Sen. Webber renews calls for MDHHS scrutiny after $100M lawsuit filed over alleged beating of child in state’s care

Sen. Webber renews calls for MDHHS scrutiny after $100M lawsuit filed over alleged beating of child in state’s care

LANSING, Mich. — Sen. Michael Webber is renewing his call for legislative hearings to investigate ongoing concerns over patient care at the state’s only psychiatric hospital for minors operated under the direction of the Michigan Department of Health and Human Services.

“We are hearing these horrific stories far too regularly,” said Webber, R-Rochester Hills. “Parents rely on MDHHS and the only state-operated psychiatric hospital for minors to protect and care for their children during a serious time of need. It is devastating to see kids harmed on the state’s watch. Children deserve better, and their families deserve accountability.”

It was reported on Thursday that a mother has filed a $100 million lawsuit over the beating of her 10-year-old child while he was a resident at Walter P. Reuther Psychiatric Hospital. Her attorneys have said they have video evidence of five staff members encouraging a 15-year-old resident as she harmed the younger patient.

“The Legislature has a duty to ensure state resources are being spent to help children who need MDHHS services instead of on legal fees and court settlements. More importantly, parents should not have to worry about the basic well-being of their children while in the state’s care. I hope my fellow lawmakers will work with me in getting to the bottom of these tragedies and righting what is wrong inside this vital state agency,” Webber said.

Webber visited the Walter P. Reuther Psychiatric Hospital, where young patients are being temporarily housed during reconstruction of the Hawthorn Center, earlier this month — just days after a $13 million legal settlement was announced as part of the fallout from a questionably executed unannounced active shooter drill that took place in late 2022.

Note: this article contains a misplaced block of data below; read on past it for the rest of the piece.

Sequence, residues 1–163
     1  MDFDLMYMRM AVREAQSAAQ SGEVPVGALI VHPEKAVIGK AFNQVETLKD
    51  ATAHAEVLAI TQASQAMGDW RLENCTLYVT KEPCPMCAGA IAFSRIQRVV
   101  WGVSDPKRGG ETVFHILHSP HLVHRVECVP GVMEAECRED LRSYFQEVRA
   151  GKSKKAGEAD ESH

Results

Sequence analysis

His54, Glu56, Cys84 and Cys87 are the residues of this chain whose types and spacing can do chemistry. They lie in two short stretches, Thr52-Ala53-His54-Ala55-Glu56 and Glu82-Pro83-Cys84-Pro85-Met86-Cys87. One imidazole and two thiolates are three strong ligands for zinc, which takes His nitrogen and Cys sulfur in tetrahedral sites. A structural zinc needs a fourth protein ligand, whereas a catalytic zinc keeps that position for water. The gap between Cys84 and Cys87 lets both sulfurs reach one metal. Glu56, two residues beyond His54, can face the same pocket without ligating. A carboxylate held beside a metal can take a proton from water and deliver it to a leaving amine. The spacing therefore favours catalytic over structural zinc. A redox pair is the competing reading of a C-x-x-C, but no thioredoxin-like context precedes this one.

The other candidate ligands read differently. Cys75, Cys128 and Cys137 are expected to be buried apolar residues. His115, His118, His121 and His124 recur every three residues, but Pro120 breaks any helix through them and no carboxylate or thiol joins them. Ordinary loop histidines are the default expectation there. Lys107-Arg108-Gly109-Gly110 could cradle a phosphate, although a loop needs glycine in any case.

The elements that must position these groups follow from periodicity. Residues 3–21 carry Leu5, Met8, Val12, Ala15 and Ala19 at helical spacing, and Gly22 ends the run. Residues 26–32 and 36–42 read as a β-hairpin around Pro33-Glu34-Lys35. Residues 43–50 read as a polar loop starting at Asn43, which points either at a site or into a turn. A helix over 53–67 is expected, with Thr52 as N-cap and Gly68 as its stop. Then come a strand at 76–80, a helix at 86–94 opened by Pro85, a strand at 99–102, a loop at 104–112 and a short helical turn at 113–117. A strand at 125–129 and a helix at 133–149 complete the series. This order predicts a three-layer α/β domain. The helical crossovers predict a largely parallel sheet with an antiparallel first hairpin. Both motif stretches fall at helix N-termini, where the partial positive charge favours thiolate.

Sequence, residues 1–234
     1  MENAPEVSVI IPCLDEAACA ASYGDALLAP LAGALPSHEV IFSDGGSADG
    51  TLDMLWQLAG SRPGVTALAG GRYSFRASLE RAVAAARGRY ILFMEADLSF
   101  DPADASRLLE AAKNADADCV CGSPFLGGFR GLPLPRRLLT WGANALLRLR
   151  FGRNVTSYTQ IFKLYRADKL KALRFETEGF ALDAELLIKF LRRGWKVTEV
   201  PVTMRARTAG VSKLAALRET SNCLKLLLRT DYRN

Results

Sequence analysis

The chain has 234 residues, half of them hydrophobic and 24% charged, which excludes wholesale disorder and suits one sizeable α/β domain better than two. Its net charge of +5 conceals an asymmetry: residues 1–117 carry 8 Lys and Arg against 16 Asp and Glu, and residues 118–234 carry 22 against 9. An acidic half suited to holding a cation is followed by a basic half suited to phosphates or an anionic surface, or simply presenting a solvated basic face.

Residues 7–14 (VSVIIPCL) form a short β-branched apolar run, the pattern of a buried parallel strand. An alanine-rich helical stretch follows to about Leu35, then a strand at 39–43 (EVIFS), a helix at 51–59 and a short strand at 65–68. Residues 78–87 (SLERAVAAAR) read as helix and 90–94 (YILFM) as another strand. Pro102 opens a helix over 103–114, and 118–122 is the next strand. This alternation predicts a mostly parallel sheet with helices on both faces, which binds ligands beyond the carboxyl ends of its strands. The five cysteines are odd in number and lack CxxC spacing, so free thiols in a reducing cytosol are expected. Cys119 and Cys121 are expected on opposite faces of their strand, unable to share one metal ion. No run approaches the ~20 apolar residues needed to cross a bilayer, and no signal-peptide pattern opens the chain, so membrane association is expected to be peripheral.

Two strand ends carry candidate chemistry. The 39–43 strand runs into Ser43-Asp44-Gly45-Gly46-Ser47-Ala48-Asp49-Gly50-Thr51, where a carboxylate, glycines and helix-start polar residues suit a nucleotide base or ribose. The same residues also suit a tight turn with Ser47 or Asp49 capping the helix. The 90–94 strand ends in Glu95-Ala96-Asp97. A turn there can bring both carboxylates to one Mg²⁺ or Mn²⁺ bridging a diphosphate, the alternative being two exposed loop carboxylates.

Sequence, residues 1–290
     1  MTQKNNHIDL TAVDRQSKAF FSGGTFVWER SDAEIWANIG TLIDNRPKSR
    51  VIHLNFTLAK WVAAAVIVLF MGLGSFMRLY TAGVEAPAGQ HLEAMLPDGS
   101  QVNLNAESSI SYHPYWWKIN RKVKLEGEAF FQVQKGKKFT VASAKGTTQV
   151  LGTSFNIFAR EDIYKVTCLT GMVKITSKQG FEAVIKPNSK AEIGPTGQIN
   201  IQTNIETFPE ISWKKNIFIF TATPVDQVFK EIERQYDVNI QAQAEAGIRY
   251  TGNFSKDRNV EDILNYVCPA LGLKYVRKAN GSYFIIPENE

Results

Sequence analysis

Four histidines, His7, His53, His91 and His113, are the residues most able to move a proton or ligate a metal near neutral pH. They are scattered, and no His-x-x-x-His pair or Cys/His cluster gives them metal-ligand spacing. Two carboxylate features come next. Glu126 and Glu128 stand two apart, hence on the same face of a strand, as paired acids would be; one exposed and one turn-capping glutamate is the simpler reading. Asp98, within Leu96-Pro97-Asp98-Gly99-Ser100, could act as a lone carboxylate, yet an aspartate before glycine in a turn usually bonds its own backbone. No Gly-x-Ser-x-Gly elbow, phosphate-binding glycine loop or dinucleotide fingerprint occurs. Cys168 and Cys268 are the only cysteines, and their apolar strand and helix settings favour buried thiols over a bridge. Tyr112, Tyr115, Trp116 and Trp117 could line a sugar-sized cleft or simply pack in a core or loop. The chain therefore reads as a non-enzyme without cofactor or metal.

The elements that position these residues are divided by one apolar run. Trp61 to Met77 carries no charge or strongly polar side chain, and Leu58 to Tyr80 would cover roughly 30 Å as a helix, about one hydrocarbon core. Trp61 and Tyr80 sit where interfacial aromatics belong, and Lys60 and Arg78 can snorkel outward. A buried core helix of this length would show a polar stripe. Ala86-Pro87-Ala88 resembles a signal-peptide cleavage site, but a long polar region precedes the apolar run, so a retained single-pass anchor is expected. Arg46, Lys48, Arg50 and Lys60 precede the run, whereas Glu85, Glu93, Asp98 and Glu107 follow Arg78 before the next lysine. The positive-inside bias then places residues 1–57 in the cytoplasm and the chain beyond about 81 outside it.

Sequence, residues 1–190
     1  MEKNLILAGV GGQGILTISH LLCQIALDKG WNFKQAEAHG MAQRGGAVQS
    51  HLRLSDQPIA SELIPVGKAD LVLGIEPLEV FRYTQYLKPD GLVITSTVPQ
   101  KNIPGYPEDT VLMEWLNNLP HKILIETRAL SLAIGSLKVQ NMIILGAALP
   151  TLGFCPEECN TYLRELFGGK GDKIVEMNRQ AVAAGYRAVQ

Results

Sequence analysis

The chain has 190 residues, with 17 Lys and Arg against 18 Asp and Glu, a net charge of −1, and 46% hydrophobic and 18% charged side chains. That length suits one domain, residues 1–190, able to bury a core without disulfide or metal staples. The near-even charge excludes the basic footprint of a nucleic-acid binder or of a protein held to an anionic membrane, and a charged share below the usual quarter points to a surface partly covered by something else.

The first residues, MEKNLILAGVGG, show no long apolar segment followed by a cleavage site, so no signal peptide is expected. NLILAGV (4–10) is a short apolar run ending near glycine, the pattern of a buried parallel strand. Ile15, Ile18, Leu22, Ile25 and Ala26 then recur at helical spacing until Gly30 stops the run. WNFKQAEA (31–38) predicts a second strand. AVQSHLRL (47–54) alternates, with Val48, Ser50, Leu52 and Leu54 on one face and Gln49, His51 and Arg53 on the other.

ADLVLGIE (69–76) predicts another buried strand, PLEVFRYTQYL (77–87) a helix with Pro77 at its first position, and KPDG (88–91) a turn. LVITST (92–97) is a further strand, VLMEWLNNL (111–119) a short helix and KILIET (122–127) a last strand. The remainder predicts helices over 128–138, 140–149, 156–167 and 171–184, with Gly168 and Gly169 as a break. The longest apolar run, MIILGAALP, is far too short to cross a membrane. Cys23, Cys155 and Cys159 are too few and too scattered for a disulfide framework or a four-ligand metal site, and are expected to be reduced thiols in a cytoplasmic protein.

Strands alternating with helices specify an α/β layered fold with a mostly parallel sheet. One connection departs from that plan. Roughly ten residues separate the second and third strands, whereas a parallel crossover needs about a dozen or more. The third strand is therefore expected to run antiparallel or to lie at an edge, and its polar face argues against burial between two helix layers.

“I continue to have concerns over children being housed among adults and the ongoing transition into Reuther,” said Webber. “We owe it to these children and their families to address the real concerns they are experiencing and provide a safe and loving environment for patients.”

Webber first petitioned Senate committee chairs to open reviews into the Hawthorn Center in June, however, no hearings have taken place. In January, the Office of Auditor General announced it would investigate the Office of Recipients Rights (ORR) for how it handles allegations at state-run psychiatric hospitals as part of its 2024 audit cycle. The announcement stemmed from Webber’s formal request of the department in July after hearing patient and family testimonies during a Protect MI Kids listening session that he hosted with other lawmakers in his district in response to the unannounced active shooter drill and continued escapes from the Hawthorn Center.

Residents who would like to share their experiences or concerns over care received at state-run psychiatric hospitals may contact Disability Rights Michigan, the federally mandated protection and advocacy system for Michigan, toll-free at 1-800-288-5923 or visit




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